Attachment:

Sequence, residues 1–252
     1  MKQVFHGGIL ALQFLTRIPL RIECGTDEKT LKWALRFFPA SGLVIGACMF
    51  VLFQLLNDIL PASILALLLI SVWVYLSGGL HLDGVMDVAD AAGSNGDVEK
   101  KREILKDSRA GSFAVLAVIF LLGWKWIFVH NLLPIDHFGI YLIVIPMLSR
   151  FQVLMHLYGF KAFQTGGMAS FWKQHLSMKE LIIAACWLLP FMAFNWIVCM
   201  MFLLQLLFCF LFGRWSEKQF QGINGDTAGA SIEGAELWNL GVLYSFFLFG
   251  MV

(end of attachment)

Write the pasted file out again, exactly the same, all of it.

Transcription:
Sequence, residues 1–252
     1  MKQVFHGGIL ALQFLTRIPL RIECGTDEKT LKWALRFFPA SGLVIGACMF
    51  VLFQLLNDIL PASILALLLI SVWVYLSGGL HLDGVMDVAD AAGSNGDVEK
   101  KREILKDSRA GSFAVLAVIF LLGWKWIFVH NLLPIDHFGI YLIVIPMLSR
   151  FQVLMHLYGF KAFQTGGMAS FWKQHLSMKE LIIAACWLLP FMAFNWIVCM
   201  MFLLQLLFCF LFGRWSEKQF QGINGDTAGA SIEGAELWNL GVLYSFFLFG
   251  MV